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Ruby block

You already know how Ruby defines methods and how you call methods. Similarly, Ruby has a block concept.

    The
  • block consists of a lot of code.
  • You need to give the block a name.
  • The code in the block is always enclosed in braces {}.
  • A block is always called from a function with the same name. This means that if your block name is test, then you will call this block using the function test.
  • You can use the yield statement to call a block.

grammar

block_name{ statement1 statement2 .......... }

Here, you will learn how to call a block using a simple yield statement. You will also learn how to call a block using the yield statement with parameters. In the example, you will see both types of yield statements.

yield statement

Let's look at an instance of a yield statement:

Instance

#!/usr/bin/ruby # -*- coding: UTF-8 -*- def test puts "Within the test method" yield puts "You are back in the test method" yield end test {puts "You are in the block"}

The above example runs as follows:

in test method< /span>
You are inside the block
You are back  test in-method
You are inside the block

You can also pass a yield statement with parameters. Here's an example:

Instance

#!/usr/bin/ruby # -*- coding: UTF-8 -*- def test yield 5 puts "Within the test method" yield 100 end test {|i| puts "You are in the block #{i} Inside"}

The above example runs as follows:

You are in the block 5< /span> Inside
in test in-method
You are in the block 100 Inside

Here, the yield statement is followed by the argument. You can even pass multiple parameters. In the block, you can place a variable between the two vertical lines to accept the parameters. Therefore, in the above code, the yield 5 statement passes the value 5 as a parameter to the test block.

Now, look at the following statement:

test {|i| puts "You are in block #{i}"}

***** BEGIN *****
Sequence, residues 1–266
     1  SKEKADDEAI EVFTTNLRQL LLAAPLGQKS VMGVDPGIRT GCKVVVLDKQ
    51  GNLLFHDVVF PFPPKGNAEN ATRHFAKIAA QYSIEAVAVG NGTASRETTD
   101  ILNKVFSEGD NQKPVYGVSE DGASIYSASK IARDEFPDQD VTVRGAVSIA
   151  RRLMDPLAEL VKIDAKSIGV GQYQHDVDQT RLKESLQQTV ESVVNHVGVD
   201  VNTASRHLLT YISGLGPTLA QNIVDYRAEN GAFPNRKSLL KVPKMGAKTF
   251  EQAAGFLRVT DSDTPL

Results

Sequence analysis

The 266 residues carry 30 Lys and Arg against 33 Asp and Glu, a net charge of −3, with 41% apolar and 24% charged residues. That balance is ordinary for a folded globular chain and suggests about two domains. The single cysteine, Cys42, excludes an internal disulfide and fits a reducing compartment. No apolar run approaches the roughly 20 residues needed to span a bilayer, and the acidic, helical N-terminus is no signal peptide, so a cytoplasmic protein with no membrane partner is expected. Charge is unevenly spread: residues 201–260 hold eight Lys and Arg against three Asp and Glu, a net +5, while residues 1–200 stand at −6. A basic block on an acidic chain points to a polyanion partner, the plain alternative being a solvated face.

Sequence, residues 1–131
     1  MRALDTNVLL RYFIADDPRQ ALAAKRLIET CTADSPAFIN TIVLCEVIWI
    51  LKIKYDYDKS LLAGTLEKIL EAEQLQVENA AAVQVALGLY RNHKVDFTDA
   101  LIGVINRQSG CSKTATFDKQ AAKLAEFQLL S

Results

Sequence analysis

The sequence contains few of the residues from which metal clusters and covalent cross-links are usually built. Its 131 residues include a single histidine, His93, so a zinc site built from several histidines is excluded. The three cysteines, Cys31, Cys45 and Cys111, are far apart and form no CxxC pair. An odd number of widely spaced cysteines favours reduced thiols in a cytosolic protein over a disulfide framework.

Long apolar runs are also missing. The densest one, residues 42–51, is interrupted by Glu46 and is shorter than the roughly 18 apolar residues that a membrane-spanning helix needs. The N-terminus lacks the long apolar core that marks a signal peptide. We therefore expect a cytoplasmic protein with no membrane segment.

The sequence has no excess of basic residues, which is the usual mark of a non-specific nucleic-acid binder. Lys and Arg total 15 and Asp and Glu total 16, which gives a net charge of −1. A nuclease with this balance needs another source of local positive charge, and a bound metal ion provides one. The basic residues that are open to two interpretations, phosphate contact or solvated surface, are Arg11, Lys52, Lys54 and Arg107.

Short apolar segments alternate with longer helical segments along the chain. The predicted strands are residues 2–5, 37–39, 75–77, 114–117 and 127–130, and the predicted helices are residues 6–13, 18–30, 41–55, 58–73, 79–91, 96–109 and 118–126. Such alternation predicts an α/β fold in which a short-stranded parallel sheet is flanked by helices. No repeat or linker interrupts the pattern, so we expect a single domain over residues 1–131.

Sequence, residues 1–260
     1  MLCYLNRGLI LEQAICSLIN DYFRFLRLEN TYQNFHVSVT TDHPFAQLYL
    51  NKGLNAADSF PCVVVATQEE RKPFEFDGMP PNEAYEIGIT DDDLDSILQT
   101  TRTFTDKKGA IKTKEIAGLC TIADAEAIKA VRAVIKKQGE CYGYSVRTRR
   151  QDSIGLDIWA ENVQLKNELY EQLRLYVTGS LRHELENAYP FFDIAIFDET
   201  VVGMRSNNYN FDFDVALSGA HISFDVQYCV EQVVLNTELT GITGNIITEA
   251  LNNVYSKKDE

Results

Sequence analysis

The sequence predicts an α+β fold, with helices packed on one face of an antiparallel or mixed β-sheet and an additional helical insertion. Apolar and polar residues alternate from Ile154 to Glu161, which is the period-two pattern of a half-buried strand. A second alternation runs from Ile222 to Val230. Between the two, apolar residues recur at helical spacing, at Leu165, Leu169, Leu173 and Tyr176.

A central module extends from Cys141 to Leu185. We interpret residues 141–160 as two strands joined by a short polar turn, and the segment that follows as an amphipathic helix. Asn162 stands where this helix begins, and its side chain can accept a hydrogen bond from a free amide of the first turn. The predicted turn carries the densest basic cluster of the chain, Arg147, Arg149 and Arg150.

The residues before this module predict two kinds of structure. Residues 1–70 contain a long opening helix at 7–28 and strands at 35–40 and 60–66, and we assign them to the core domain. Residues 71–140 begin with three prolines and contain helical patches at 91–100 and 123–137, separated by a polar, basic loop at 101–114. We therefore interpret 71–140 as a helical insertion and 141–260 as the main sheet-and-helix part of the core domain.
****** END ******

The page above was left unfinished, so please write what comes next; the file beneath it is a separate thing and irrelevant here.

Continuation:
Here, the value 5 will be received in the variable i. Now, observe the puts statement below:

puts " You are in block #{i}"

The output of this puts statement is:

You are in the block5 Inside

If you want to pass multiple parameters, the yield statement looks like this:

yield a , b

At this point, the block looks like this:

test {|a, b| statement}

Parameters are separated by commas.

Blocks and methods

You have seen how the blocks and methods are related to each other. You usually use a yield statement to call a block from a method with the same name. So the code looks like this:

Instance

#!/usr/bin/ruby def test yield end test{ puts "Hello world"}

This example is the easiest way to implement a block. You call the test block with the yield statement.

But if the last parameter of the method is preceded by &, then you can pass a block to the method, and this block can be assigned to the last parameter. If * and & appear in the parameter list at the same time, & should be placed after.

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Instance

#!/usr/bin/ruby def test(&block) block.call end test { puts "Hello World!"}

The above example runs as follows:

Hello World!

BEGIN and END blocks

Each Ruby source file can declare the block of code (BEGIN block) to run when the file is loaded, and the block of code (END block) to run when the program completes execution.

Instance

#!/usr/bin/ruby BEGIN { # BEGIN Code Block puts "BEGIN code block" } END { # END code block puts "END Code Block" } # MAIN Code Block puts "MAIN code block"

A program can contain multiple BEGIN and END blocks. BEGIN blocks are executed in the order in which they appear. The END blocks are executed in the reverse order in which they appear. When executed, the above program outputs the following results:

BEGIN code block
MAIN code block
END code block





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